Friday, July 29, 2016

Fearless freehand

Fearless freehand

A few weeks ago I asked a group of sampler stitchers – “how do YOU define freehand embroidery within a counted sampler?”
There were lots of replies and varying definitions but one thing that did come across was that many who normally work within the safety of a counted chart are a little apprehensive about venturing into “uncharted territory”.
Hands Across the Sea Samplers will shortly be releasing a chart of a beautiful and unusual Scottish sampler that has small freehand motifs. They do not need to be included as the sampler will stand well without them, they could even be cross stitched. However, we want to take the fear out of freehand and for you to be able to stitch these with confidence and enjoyment.
I have designed a small chart and step-by-step photo trail tutorial for you. Whilst this motif has been made up it incorporates all the actual flowers that are freehand stitched in the Scottish sampler. The tutorial uses the stitches found in the orginal sampler.
When I first started stitching a freehand design I was a little nervous of drawing a shape onto my linen. Tracing a design has issues with dimensions in relation to the linen count. Without a guide line it is easy for the embroidery to “grow” out of proportion.
I prefer, where possible, to tack a loose outline with my needle, sketching out the shape in thread. The lines and placement of a motif are easily changed and refined without leaving the fabric marked.
Screenshot 2016-07-28 12.17.32
This is the method we have used for our reproduction and within the sampler’s chart there are guide lines for the freehand motifs laid out in the same manner as above . There are close up photographs of each of the stitched freehand motifs within the chart.
Using the graph above roughly tack out the stems and one flower head. There is no need to count this out exactly – this is freehand. Listen to your needle, she will guide you.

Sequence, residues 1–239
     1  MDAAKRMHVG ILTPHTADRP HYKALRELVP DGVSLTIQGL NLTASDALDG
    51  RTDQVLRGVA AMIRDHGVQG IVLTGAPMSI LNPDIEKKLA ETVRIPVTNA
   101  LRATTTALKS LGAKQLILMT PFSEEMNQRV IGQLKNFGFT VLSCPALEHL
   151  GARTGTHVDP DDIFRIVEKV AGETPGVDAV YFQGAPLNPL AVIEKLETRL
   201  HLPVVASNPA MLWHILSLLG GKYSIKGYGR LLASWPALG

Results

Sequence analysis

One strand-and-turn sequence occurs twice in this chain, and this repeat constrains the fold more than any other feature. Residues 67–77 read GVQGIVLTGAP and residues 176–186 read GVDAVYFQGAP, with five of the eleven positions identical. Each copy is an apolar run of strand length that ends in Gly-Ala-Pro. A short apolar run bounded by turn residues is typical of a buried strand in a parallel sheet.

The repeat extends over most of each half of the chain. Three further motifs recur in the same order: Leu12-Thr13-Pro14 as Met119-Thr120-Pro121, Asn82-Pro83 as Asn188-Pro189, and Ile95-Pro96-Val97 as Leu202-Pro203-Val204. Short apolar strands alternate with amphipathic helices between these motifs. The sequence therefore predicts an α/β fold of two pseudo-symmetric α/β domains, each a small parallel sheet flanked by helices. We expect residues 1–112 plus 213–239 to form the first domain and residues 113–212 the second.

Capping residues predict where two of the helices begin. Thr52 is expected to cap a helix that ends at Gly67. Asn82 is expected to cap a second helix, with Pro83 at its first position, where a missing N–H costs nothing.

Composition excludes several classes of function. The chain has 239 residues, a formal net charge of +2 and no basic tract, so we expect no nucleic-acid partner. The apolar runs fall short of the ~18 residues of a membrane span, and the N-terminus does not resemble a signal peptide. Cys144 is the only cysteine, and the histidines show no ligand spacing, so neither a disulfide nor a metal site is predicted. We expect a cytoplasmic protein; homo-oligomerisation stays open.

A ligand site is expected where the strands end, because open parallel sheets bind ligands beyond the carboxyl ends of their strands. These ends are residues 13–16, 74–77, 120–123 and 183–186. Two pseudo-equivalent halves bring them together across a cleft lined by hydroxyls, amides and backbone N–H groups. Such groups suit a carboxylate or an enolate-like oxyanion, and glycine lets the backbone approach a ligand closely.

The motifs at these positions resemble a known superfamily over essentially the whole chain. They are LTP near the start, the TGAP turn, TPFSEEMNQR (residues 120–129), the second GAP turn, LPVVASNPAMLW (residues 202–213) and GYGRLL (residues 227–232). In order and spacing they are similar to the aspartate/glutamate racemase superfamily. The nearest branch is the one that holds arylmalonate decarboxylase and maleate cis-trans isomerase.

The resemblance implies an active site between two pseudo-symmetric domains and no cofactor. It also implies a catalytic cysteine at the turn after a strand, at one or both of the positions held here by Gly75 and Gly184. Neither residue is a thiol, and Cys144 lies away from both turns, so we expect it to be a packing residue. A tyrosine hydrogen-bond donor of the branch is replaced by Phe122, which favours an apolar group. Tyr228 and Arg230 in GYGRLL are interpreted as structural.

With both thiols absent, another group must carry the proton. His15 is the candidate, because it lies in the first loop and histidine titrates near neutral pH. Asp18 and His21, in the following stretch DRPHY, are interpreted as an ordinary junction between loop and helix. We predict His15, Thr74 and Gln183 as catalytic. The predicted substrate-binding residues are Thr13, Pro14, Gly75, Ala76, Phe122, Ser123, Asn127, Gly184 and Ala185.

The sampler’s flower stems are made up of short satin stitches but stem stitch would work well if you prefer.
We do not recommend sewing tightly packed stitches to start – they are hard to unpick if your shape is not right.
Travel up the stem spacing the stitches out so that you are getting a feel for the shape.
When you get to the top and you are happy with the shape, work your way back down filling in the stem with the desired coverage. Repeat for the next stem.
I want my stems to curve and not bend in hard angles. To curve my outline I use a couching stitch to lift my loosely tacked line.
See how the shape softens.
Keep repeating the process.
Until all the stems are stitched.
Turn over your work.
Your waste knot and some uncovered tack lines will be showing.
Clip out the visible tack lines and remove the waste knot. There is no need to secure it. Be careful not to clip out the flower head !
Turn your work back over and stitch the stamens on the first flower. All you need are two or more straight satin stitches.
Do not worry about counting out your stitches. Your flowers will be individual, think about the shapes you are hoping to achieve and experiment.
For the third flower I tacked out the shape of the petals first.
I then used the same process for the stems to stitch the flower. Make your stitches a little shorter than those on the stem.
Each of the stamens are formed with a single thread with two passes.
The tips on the orginal sampler are over one cross stitches. Stitch them slightly on the loose side.
The next flower is made up of three steps. First stitch the vertical satin stitches. A single thread with two passes.
Then add the three long horizontal satin stitches and finish with the short diagonal stitches to the outer edges.
The final stem has a row of  hanging flowers.
Use a tacking stitch to decide on placement.
Then embroider the flowers with satin stitches.
The last step is to add the leaves. Leave the leaves until last so that they can be shaped to sit well with the flower heads.
Hands Across the Sea Samplers hope that you will stitch this small motif and that it takes the fear out of freehand for you. If you have any questions we are here to help. We would enjoy seeing some photos of your stitched motif.
The Scottish sampler will be released at the end of August and with its autumnal palette will be a perfect project for the Fall.
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Thursday, July 28, 2016


An interview with Kaffe Fassett

On Monday we looked at some knitting aids. If I think of knitting the one designer that jumps straight to mind is Kaffe Fassett who is best known for his signature knitwear and quilts: elaborate patterns rendered in layers of glorious colour.  His extraordinary passion and insatiable appetite for colour is apparent whatever medium he uses, whether he is painting, knitting, creating patchwork, needlepoint or mosaics. He is one of the most influential living textile artists.